The use of “voluntary agreements” in the District amounts to nothing short of legalized extortion. As “Raising the Bar” (5/2) shows, the current system using these coercive contracts places an excessive amount of control into the hands of advisory neighborhood commissions or as few as five neighborhood residents. The application process for new and renewal licenses has corroded to a point where each and every application is protested regardless of any justifiable reason. The protesters need only claim that the establishment has an “adverse impact on peace, order and quiet,” thus shifting the burden of proof to every applicant to show the “appropriateness” of such a business. Thus, facing costly litigation and an appeals process stacked against them, new and renewal applicants have no choice but to enter into whatever “agreement” the protesters wish to command.

As the article shows, the outcomes of these coercive contracts range from silly to outright preposterous! From prohibitions on all dancing to whom they may hire and what types of drinks should be served, a hyper-minority of citizens maintains near absolute control over an essential part of commerce in the District—a part for which many moved here in the first place. Absurdly, 10 citizens’ associations recently signed a letter asking the Alcoholic Beverage Control Board to grant them even more power in the licensing process.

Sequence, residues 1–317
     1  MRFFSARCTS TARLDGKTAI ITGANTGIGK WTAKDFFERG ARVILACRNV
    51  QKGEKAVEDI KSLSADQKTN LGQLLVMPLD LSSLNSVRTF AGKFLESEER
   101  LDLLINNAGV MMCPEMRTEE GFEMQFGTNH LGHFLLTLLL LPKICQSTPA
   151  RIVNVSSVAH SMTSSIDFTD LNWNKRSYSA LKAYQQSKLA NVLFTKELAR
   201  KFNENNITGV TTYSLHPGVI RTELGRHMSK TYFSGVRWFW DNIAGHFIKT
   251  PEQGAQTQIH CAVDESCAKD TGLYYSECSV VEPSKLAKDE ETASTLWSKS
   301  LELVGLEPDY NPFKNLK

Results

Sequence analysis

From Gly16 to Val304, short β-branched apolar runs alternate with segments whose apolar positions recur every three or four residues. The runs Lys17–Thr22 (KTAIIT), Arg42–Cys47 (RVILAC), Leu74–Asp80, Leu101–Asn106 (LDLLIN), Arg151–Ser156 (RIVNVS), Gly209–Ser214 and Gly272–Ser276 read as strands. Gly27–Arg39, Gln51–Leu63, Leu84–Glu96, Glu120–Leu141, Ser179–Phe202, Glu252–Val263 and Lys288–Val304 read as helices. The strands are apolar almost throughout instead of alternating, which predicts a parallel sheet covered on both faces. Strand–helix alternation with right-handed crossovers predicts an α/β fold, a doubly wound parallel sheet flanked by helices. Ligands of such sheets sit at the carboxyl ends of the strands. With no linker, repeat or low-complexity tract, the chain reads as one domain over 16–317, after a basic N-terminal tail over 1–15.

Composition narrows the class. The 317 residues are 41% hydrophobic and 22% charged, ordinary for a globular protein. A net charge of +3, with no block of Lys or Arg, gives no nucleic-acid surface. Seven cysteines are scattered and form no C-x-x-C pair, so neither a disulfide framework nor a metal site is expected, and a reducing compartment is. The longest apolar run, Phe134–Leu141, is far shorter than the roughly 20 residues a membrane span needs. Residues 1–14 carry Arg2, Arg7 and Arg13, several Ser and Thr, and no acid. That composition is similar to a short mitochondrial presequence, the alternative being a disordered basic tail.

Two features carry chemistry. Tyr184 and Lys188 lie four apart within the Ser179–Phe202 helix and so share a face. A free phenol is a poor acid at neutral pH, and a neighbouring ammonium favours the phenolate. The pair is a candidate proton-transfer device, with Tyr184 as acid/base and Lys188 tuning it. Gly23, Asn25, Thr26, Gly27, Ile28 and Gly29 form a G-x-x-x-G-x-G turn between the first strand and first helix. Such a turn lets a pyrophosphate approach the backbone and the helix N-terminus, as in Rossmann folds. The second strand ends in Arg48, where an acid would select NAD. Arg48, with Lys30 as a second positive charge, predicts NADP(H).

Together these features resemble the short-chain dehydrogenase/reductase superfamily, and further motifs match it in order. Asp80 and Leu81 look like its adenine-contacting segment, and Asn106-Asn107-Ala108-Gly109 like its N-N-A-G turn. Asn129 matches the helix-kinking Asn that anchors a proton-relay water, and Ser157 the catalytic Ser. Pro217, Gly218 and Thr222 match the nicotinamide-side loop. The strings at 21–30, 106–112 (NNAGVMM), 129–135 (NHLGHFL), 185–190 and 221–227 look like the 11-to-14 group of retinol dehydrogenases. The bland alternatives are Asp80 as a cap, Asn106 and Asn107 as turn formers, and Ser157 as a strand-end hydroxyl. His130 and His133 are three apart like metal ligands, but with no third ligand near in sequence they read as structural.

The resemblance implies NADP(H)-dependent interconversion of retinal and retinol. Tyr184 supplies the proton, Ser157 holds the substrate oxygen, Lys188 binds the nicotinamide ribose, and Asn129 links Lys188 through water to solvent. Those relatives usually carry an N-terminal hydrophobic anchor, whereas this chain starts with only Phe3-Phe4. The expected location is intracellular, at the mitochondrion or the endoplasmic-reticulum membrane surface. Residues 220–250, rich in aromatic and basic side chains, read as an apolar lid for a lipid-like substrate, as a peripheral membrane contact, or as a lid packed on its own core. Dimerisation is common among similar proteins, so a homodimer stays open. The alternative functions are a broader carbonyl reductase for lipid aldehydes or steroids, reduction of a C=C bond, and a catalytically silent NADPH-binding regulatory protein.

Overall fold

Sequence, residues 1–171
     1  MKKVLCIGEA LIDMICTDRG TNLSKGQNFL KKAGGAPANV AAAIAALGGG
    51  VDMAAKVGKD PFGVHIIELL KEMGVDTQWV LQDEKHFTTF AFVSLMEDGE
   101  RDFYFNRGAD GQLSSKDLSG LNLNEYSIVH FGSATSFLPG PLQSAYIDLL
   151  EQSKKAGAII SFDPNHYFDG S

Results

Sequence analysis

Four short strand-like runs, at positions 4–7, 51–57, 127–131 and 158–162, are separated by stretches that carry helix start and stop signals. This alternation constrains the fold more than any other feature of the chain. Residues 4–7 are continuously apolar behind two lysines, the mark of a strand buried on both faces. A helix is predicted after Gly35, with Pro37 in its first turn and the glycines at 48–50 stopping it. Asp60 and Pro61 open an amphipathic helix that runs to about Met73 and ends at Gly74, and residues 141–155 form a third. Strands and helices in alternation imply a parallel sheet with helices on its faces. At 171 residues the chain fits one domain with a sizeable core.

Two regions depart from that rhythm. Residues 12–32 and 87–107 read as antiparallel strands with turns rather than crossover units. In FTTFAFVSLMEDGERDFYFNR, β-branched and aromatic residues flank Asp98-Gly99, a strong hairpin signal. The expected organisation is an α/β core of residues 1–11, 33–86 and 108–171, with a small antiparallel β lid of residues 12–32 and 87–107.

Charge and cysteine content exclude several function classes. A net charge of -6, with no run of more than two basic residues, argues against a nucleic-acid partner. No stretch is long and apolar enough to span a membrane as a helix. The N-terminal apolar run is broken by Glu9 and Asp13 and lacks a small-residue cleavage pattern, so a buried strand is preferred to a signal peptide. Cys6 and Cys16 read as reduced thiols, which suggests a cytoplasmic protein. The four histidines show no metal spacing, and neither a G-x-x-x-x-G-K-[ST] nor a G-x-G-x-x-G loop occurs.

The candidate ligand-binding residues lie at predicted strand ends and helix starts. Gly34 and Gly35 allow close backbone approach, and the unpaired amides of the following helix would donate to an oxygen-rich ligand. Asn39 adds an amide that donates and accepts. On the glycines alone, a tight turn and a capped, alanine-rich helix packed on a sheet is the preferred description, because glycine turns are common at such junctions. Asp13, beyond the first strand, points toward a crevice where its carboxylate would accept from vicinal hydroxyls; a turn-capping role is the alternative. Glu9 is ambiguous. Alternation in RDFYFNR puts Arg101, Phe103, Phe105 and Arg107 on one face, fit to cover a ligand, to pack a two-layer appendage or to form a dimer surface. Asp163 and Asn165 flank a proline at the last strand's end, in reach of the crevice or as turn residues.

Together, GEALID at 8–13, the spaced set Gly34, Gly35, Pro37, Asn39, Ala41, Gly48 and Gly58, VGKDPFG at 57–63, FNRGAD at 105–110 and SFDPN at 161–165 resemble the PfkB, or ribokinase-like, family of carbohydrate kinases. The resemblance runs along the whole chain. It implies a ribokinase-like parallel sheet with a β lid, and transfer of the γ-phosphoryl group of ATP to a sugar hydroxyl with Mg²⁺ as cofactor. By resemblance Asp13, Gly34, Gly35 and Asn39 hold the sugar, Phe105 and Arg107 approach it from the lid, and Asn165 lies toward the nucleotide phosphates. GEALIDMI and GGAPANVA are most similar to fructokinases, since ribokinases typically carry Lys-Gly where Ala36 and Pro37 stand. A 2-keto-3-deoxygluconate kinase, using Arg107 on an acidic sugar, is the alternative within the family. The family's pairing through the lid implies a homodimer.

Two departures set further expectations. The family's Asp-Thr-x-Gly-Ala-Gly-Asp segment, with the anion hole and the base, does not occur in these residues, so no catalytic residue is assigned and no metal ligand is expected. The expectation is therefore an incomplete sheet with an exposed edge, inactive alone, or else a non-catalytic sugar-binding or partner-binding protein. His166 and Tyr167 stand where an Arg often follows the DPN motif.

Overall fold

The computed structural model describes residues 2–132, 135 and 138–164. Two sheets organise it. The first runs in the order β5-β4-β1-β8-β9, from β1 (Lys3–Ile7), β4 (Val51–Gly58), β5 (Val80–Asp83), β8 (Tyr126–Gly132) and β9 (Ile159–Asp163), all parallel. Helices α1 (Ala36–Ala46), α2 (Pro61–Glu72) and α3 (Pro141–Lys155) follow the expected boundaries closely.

This trend must stop. The D.C. Nightlife Coalition (www.dcnc.org) seeks reform to the process by which protesters must reasonably justify their complaints and can no longer force legitimate businesses into ridiculous “agreements.” The process must include a mechanism for patrons and consumers who would partake in these constitutionally protected activities, such as music and dancing, to participate fully in the process.

D.C. Nightlife Coalition

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